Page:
Nathan Medley, Countertenor
Nathan Medley,countertenor, has emerged in recent years as one of the leading younger-generation countertenors, with notable success internationally in concert and opera. He has sung at some of the major stages of the world including the English National Opera, Barbican Centre, Carnegie Hall, Philharmonie di Paris, Kölner Philharmonie, La Salle Pleyel, Palais de Musique Strasbourg, the Concertgebouw, the Lucerne Festival, Avery Fisher Hall, and Walt Disney Hall. Recent performances have brought him to the Boston Early Music Festival, Berlin Philharmonic, San Francisco Symphony, London Symphony, the Netherlands Radio Philharmonic, the Los Angeles Philharmonic, St. Louis Symphony, Chicago’s Ravinia Festival, Opera Omaha, Pacific MusicWorks, Mercury Baroque, Seraphic Fire, Indianapolis Baroque Orchestra, Cincinnati Collegium, Miami Bach Society, and Dayton Bach Society. He made his professional debut in 2012 in John Adams’s The Gospel According to the Other Mary with the Los Angeles Philharmonic conducted by Gustavo Dudamel, which was recorded for Duetsche Grammophon. He has performed this same work with the Berlin Philharmonic under Sir Simon Rattle and with the English National Opera in a version staged by Peter Sellars. He is a founding member of Echoing Air, an ensemble focused on music of the baroque and modern eras composed for countertenor.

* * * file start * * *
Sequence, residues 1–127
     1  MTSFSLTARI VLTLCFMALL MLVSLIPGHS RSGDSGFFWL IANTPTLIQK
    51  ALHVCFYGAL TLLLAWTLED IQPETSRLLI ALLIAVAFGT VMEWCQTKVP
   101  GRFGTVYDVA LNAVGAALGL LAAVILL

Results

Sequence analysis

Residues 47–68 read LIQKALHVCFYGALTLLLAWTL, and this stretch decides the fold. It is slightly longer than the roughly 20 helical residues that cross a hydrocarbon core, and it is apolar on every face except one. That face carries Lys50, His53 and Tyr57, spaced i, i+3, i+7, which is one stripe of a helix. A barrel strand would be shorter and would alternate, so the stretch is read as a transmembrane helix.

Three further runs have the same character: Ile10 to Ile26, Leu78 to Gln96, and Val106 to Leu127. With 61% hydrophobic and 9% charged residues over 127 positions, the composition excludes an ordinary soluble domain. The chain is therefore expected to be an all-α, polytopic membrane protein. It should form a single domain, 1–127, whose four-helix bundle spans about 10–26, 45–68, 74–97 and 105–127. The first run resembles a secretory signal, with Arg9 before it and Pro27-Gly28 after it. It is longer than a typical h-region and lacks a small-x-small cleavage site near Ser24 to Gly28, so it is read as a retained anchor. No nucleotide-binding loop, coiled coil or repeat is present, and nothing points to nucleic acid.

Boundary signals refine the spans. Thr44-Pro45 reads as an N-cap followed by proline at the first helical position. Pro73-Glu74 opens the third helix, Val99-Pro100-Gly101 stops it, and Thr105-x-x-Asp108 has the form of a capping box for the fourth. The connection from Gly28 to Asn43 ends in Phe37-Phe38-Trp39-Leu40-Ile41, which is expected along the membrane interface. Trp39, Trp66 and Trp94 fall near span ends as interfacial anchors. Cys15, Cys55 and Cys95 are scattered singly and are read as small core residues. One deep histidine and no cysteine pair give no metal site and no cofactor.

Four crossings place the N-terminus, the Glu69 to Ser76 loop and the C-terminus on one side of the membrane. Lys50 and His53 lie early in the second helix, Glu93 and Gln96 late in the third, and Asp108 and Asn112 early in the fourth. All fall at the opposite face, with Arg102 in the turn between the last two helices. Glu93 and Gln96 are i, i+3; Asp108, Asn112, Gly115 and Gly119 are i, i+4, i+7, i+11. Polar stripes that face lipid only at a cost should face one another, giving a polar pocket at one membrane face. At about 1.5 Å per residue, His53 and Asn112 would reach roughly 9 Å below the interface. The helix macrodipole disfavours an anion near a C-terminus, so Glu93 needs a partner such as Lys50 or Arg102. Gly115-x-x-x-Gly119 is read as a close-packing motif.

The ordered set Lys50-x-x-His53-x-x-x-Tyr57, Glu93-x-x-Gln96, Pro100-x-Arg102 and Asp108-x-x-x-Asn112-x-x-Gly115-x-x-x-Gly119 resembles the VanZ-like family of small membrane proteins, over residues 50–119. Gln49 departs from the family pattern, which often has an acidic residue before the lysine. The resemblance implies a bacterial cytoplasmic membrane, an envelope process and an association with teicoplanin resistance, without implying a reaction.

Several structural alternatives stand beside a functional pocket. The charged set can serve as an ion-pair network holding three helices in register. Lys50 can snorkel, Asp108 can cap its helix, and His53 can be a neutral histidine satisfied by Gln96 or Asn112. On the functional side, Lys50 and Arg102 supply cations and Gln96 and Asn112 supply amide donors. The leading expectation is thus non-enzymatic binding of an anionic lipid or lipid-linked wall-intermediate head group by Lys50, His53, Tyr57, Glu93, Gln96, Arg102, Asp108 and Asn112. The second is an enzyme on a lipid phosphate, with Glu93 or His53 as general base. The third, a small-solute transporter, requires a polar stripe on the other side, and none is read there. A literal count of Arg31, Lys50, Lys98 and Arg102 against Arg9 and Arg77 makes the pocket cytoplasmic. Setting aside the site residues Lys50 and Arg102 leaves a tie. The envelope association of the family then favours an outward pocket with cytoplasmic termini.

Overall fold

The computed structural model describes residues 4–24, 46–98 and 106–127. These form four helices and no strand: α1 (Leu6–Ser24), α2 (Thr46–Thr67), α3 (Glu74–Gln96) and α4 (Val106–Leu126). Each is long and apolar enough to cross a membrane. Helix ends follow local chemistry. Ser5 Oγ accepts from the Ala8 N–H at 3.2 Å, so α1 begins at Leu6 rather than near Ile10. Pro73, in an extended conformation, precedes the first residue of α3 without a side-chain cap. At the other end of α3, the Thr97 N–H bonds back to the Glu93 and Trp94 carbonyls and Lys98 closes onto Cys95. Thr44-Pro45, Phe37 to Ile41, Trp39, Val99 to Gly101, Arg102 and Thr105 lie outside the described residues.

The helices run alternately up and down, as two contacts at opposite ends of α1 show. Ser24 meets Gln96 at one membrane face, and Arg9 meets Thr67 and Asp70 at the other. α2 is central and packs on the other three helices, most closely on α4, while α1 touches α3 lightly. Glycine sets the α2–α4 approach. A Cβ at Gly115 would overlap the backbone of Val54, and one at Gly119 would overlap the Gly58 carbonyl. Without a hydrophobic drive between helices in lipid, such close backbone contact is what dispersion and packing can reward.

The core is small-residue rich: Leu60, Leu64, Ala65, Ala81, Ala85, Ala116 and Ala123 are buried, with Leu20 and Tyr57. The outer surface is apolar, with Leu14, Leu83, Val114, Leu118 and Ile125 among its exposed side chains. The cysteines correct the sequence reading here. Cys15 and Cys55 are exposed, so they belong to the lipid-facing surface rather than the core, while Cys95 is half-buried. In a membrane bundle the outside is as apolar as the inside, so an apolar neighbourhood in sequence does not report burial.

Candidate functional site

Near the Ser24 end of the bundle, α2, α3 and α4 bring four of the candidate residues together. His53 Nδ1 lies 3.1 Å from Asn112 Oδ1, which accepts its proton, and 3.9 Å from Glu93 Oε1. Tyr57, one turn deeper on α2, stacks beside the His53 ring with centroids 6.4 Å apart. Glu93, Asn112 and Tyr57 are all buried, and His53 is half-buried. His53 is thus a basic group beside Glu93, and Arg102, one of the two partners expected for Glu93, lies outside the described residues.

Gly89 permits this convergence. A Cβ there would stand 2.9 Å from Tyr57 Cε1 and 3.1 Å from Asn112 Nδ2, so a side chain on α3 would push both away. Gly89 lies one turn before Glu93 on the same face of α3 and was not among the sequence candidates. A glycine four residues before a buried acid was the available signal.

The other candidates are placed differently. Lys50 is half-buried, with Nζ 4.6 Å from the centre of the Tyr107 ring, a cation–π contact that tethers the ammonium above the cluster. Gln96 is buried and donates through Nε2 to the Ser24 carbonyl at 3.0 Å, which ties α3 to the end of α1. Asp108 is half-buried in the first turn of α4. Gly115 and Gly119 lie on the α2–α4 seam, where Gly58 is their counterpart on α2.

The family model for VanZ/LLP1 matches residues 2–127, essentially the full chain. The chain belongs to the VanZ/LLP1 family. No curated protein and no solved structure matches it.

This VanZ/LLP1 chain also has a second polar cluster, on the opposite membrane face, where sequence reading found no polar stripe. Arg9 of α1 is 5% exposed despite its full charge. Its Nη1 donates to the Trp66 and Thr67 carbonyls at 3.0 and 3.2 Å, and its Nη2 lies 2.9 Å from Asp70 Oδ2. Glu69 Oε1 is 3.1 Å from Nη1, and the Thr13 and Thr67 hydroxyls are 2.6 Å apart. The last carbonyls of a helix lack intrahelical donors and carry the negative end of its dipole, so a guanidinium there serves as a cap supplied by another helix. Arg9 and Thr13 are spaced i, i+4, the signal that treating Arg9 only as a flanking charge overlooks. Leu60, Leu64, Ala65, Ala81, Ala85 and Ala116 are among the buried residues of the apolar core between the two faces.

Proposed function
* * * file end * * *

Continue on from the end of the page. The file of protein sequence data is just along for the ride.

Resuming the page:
Eric Ashcraft, Tenor